Continuing with my discovery of things to selbst pflücken (pick yourself) in the fields that surround me here in Germany, this past week-end I had the pleasure of picking my own gladioli. What a thrill it was to walk through a huge field of these colourful beauties, knowing I could choose whatever I wanted, for a cost of only 50 cents per stem. The challenge was trying to select a combination of colours that went well together, and the stems that would last the longest. The owners had a wooden sign at the entrance suggesting to pick a mixture of stems with fully opened, half opened and closed blooms to extend the enjoyment of the bunch as long as possible. These Germans are brilliant.
I ended up with 5 long stems of white and purple gladioli, and picked a colourful orange and yellow one for the mother of Little T’s friend who was hosting a birthday party that afternoon. I figured she earned one, after enduring a house full of 10 screaming boys. The second challenge was delivering the flowers safely home, as hubby and I were on our bikes, and these long-stemmed beauties didn’t exactly fit well in my bike basket. But being the true saint my hubby is, he carried those fresh cut gladioli under his left arm, steering all the way home with his right hand only. Hard not to love the guy.
The third challenge (I mean really, if only all life challenges could be like these!) was to figure out where to place the vase containing these meter-long assortment of glads. It almost forced me to pour a glass of wine and think it through. They seemed too domineering on the dining table, with the tops almost reaching the ceiling. I moved them to the floor in front of the window, but my home decorator a.k.a. Hubby claimed the curtains were too hard to close around them so he moved them to the shelf behind our couch. I didn’t much care for that location, as I would never get to see them unless I sit on the edge of the couch and stare at the back wall all day. So I moved them to the floor beside the television, so I could watch TV and stare at my beautiful glads! Hubby didn’t agree with this choice either, so he moved them to the top plate of a statue at the bottom of our landing. Perfect! We could all admire them as we go up and down the stairs. At least they found a home before they shriveled up and turned brown.
Now on to the assignment. Friday afternoon Little T came home from school and announced that we had to go to a farmer’s field on the week-end and steal 5 cobs of different types of corn. Huh? Not only did we immediately wonder what kind of teacher assigns a project involving theft, but how the heck would we find 5 different kinds of corn? When leaving to pick Little T up from the birthday party, I suggested that Hubby ask the other parents if they think stealing corn is a good assignment. So he did.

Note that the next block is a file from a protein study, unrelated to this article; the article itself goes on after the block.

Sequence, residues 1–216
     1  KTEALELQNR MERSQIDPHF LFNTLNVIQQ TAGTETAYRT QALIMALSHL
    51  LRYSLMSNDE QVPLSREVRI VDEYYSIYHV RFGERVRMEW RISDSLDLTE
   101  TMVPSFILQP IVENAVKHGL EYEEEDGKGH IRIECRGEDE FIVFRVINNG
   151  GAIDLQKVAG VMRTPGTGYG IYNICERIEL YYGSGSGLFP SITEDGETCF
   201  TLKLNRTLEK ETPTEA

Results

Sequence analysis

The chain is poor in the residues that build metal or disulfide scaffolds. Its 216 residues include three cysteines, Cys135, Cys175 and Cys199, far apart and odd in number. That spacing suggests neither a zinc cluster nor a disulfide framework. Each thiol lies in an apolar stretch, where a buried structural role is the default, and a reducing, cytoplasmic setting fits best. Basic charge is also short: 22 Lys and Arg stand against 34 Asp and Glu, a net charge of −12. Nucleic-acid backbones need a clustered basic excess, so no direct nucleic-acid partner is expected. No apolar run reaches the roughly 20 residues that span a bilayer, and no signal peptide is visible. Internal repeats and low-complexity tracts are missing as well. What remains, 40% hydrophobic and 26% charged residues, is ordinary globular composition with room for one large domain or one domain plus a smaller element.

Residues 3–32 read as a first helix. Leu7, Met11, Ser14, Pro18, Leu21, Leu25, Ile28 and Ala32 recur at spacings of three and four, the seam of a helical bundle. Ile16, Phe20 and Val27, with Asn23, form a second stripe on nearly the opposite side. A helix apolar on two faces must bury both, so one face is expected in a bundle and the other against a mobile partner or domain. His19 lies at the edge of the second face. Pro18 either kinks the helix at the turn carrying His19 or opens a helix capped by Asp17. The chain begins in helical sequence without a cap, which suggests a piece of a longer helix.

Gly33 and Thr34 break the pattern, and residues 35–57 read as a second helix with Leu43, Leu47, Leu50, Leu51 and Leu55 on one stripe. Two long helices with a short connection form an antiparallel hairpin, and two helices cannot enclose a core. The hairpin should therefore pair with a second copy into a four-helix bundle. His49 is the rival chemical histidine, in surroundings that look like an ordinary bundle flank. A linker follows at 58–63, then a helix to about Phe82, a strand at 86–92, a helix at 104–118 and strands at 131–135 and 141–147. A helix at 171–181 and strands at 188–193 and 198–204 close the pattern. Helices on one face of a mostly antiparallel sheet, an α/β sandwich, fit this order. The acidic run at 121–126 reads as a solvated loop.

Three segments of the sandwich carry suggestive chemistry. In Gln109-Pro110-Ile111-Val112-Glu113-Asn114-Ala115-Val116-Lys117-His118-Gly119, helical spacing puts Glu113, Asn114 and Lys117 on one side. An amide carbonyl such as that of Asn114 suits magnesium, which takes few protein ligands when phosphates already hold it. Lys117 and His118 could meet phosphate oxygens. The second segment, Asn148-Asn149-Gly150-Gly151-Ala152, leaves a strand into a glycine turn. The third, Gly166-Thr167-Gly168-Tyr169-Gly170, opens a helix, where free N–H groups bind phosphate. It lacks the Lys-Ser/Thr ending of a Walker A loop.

Turns out, from what Hubby interpreted, the assignment was to pick 5 different kinds of grains, not just corn. One parent was rather frustrated with the project, as he had to drive his kid to the next village to find a 5th grain. So, the project still involved theft, which the parents didn’t seem to have an issue with claiming the farmers really don’t mind, but at least we didn’t have to swipe 5 cobs of corn. The good thing about this project is that it forced Little T on a bike for a Sunday afternoon ride, which normally is on the top of his “loser list”, next to having to attend live evening show performances on a cruise.
Sunday came, and we set off to steal gather our crops. It was a beautiful day for a bike ride. The sun was shining, the air was fresh, and the sky was bright blue without a cloud in sight. Finding farmer fields wasn’t difficult, as we are surrounded by them. The challenge was trying to find 5 different kinds of grains, especially when we weren’t exactly sure what the crops were! Being raised in an extended family of farmers, I still couldn’t get over the guilt of wondering into some farmer’s field and snatching his hard-earned work. But, I tried to reason that perhaps they really would support this kind of education, if we were forced to explain ourselves. I just hope the farmer wouldn’t be holding a pitch fork.
We believed to have found corn (easy one!), wheat, and rye. Needing two more, Hubby suggested we search through an already harvested canola field to find a missed stem, which we did. Needing a fifth, I suggested we go back the field where we bought the glads, as right beside was a field of sunflowers for sale! Sunflower seeds are a grain, right? Well, I didn’t care by that point. We needed a 5th to complete the project, so off we went to pick a sunflower. Since we were there, I decided to also buy one to admire in my office, so Little T picked two. The best part was we could pay for these pickings, so his entire project wasn’t from stolen samples!
When Little T came home from school on the Monday, I asked how his grain project went, and if he had all the correct grains. Turns out he was suppose to get wheat, rye, barley, oats, and corn, but the teacher said it was fine (likely taking pity on the poor English kid and his foreign parents).
Or, maybe the sunflower Little T brought brightened his day.
2 thoughts on “The assignment”
Oh how Sonya and I laughed at Little T’s “loser list” 🙂
As for “steeling” from farmers, we too stold corn stalks from a farmer. It was for our wedding as a decoration. We knocked at the door to ask permission but no one was home. So we left a bottle of our wedding wine and a note appologizing/thanking them!
Maybe you can go back to the 4 farmers and have a glass of wine with each… But walk, don’t drive!
Glad to hear I’m not the only crop taker in the family!